Reasons Behind the Reducing Gorilla Population in Africa

Reasons Behind the Reducing Gorilla Population in Africa

Gorillas are the largest primates on planet earth. These creatures look to be very aggressive, yet are actually just shy and peaceful.

They are also at the verge of becoming extinct. Currently there are less than 900 mountain gorillas that are left in the whole world.

Recently, the International Union for Conservation of Nature added the Eastern Lowland Gorillas of Congo (also known as Grauer's Gorilla) on the list of Critically Endangered Species. If conservation efforts are not geared up, our children may not live to see the endangered gorillas given their dwindling numbers!

Many people wonder about the reasons as to why there is a reduced number of gorillas left in the world. However the main trouble behind the reducing numbers is surprisingly man! There is nothing else to blame!  Here are some of the most important factors that have greatly led to the reducing gorilla populations in Africa.

 

Reasons Behind the Reducing Gorilla Population in Africa

1. Bush Meat Crisis

One of the factors that is still greatly affecting the gorilla population in central Africa is bush meat. Many locals hunt these great apes for meat. The bush meat crisis has evolved from ancient ages to modern day times. It can be referred to as the meat from wild animals for food and commercial bush meat trade. There is both large and small scale hunting of wild animals for bush meat taking place in Central Africa including DR Congo, Congo Brazaville, Cameroon, Nigeria and more. Even in cases where locals hunt other wild animals, they normally kill gorillas because they stand in their way to getting bush meat.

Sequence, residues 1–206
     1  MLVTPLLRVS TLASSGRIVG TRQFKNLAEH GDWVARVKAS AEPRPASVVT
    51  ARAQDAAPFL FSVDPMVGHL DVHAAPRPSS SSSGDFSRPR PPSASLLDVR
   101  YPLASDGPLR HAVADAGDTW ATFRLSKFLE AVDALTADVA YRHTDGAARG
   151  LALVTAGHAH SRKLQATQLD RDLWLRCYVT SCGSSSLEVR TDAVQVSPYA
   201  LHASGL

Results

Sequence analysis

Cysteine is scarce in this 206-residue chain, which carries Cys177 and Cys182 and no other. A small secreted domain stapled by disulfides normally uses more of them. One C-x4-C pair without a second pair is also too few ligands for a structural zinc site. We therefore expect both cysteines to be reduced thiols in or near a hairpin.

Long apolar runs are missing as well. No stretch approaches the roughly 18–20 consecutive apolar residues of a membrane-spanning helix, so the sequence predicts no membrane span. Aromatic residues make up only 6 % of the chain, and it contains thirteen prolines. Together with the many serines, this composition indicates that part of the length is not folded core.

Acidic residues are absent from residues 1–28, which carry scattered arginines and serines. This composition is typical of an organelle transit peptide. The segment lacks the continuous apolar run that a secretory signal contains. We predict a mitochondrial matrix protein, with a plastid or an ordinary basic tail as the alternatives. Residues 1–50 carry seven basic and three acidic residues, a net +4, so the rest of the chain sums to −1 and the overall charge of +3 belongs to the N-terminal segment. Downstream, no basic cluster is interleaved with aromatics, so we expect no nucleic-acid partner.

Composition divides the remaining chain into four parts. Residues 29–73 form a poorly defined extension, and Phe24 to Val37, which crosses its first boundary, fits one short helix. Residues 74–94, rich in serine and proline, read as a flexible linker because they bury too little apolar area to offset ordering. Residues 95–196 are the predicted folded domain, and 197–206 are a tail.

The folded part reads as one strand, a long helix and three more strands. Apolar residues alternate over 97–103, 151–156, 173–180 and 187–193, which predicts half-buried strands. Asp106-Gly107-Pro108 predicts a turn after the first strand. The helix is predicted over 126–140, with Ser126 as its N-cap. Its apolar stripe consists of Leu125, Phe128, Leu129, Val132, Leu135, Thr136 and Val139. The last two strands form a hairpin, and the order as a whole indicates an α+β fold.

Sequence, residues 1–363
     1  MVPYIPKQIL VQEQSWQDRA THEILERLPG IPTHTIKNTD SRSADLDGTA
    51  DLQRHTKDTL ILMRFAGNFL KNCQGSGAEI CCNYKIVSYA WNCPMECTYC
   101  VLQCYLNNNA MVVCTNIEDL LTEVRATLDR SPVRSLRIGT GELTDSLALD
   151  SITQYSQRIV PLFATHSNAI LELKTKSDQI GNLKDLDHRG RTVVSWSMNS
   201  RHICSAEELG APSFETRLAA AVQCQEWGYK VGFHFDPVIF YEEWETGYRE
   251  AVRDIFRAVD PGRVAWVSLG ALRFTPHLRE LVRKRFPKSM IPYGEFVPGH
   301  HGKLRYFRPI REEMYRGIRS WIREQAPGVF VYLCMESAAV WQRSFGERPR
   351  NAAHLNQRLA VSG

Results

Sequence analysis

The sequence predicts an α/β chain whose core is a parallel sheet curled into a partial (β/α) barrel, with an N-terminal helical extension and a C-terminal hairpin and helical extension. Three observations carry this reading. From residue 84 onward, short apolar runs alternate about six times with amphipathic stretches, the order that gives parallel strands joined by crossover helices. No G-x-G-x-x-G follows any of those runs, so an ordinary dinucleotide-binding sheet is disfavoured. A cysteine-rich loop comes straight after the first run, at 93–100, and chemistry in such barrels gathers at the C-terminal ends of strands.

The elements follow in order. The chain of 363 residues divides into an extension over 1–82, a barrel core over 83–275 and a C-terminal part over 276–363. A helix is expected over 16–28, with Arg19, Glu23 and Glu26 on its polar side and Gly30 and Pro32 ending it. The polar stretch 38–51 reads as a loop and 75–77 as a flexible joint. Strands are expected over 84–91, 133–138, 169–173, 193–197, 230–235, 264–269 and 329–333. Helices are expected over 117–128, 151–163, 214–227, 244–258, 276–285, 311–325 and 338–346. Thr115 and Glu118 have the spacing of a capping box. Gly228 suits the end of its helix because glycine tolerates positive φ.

2. Minerals

Some areas where gorillas are found are rich in minerals. In the Eastern part of the Democratic Republic of Congo, the catastrophic decline of the Eastern gorillas has been blamed on mining. The DRC’s reserves are rich with minerals such as gold and coltan, an essential ingredient in the manufacture of mobile phones. These minerals, that are highly demanded, have greatly led to dwindiling gorilla numbers given the increasing number of artisan mining sites. In addition, the locals who participate in mining also rely on the forest for food.

 

3. Civil Wars

In Eastern Congo, scientists have reported that the numbers of eastern gorillas in the wild have dwindled three quarters in 20 years, to just 3,800 from 17,000. This is largely blamed on the instabilities that have been persistent in Congo. Gorillas have been caught in crossfire between different armed groups. Different armed millitias have been controlling different parts and one time there was a scenario where gorilla trekking in the Virunga National Park was controlled by the rebels.

Since the 1990s, the Eastern part of Congo has experienced regional insecurity that led to an increasing number of refugees who entered the region. There has also been the formation of armed groups who fought for domination of Congo's rich natural resources. These conflicts have been blamed for large-scale deforestation and poaching.

 

4. Conservation Efforts

In areas where conservation efforts have been geared up, there has been sucess in protecting the gorillas. An example is Uganda and Rwanda where all the gorillas are protected in gazetted national parks. In many countries where lowland gorillas exist, it has been reported that many gorilla ranges are still unprotected. This leaves the gorillas at the mercy of the humans who exploit the forest for a living.